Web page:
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Let's be realistic with ourselves here: is all that overhead ever going to compete with ten lines of "low level" (ha..) JavaScript? No.

The problem here, and what is making us chuckle so much, is that the project as presented to us is not magical. For whatever reason, some of the brightest minds in our industry have not presented us (at this time) with a cross-compiler that is both robust enough to support large apps, and intelligent enough to self-optimize its output.

Were we expecting a JavaScript killer from Google? Some of us were, with cynical apprehension. Did this release of the project live up to that expectation? Nope. Could others have done a better job? Maybe, maybe not. Could this project improve over time? Certainly. Will Dart become a JavaScript killer without more magic in its cross-compiler? Personally, I doubt it. Tooling may matter for developing large web apps, but performance matters in those large web apps too; running this test in my iPhone's browser leaves me feeling meh.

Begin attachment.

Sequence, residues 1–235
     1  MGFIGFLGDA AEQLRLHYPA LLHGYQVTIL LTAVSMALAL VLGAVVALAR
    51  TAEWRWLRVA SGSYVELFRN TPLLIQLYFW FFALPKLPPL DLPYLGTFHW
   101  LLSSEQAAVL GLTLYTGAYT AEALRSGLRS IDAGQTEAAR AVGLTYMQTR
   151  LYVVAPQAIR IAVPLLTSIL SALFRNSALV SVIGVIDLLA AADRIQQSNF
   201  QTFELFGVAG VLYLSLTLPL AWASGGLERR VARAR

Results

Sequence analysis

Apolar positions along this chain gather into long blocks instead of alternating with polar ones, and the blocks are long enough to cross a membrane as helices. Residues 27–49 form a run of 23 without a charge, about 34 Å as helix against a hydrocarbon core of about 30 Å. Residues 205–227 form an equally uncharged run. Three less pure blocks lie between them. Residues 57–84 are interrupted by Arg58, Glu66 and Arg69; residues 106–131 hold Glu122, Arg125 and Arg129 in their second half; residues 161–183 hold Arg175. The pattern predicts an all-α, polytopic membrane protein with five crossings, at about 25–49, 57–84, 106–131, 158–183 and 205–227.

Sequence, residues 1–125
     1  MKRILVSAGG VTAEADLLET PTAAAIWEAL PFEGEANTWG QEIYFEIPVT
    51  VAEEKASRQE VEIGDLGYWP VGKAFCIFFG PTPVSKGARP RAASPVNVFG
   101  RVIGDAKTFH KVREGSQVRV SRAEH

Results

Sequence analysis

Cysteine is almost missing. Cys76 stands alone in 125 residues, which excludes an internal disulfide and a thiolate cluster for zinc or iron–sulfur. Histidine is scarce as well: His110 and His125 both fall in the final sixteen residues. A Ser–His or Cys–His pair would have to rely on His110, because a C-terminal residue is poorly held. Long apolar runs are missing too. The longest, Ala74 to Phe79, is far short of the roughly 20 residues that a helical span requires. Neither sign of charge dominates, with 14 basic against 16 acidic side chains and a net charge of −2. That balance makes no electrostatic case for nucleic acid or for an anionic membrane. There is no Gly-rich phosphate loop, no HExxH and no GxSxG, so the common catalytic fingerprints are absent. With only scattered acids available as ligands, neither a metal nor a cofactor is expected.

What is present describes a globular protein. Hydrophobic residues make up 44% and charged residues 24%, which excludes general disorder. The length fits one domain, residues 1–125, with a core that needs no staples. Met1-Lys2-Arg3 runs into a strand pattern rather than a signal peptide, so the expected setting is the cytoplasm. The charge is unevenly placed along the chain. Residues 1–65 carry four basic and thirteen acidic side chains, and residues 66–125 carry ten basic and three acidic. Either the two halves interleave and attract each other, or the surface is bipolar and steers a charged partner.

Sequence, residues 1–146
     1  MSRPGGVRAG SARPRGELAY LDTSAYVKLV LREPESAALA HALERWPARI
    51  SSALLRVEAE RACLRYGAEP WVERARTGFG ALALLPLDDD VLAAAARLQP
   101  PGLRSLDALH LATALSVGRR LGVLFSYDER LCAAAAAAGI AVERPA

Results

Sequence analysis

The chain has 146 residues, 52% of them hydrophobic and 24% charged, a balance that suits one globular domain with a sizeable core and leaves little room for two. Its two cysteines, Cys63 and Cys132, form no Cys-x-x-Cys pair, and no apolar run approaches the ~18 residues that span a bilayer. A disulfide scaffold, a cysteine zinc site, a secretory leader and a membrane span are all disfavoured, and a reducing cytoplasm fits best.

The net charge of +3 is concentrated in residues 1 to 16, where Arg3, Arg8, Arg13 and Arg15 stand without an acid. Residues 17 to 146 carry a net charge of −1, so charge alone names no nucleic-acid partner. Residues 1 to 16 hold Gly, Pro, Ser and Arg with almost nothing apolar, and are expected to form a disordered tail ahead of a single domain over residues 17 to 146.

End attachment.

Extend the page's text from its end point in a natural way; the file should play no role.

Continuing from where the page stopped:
It makes me think that dart would be a perfect language in which to re-implement OpenDoc.

It is improbably in my mind that we've reached an age where javascript is considered low level -- even tongue in cheek.

I wonder where this is on the path to the singularity?


I moved things around so that what code does is roughly equivalent. As you can see Dart is slower, but the Dart runtime does not differ by a margin that matters for many applications - and note the size of the gap differs significantly between JS engines.

In all fairness, you removed the actual print function from the code. Inspection of the non-compiled source suggests that the entire function execution as shown in /2 is called for every call to Dart's print.

print$getter()(1, $noargs, 'Hello, Dart!'); print$getter()(1, $noargs, 'foo'); print$getter()(1, $noargs, 'bar');

I did not remove print. Google Closure Compiler does inlining as well.

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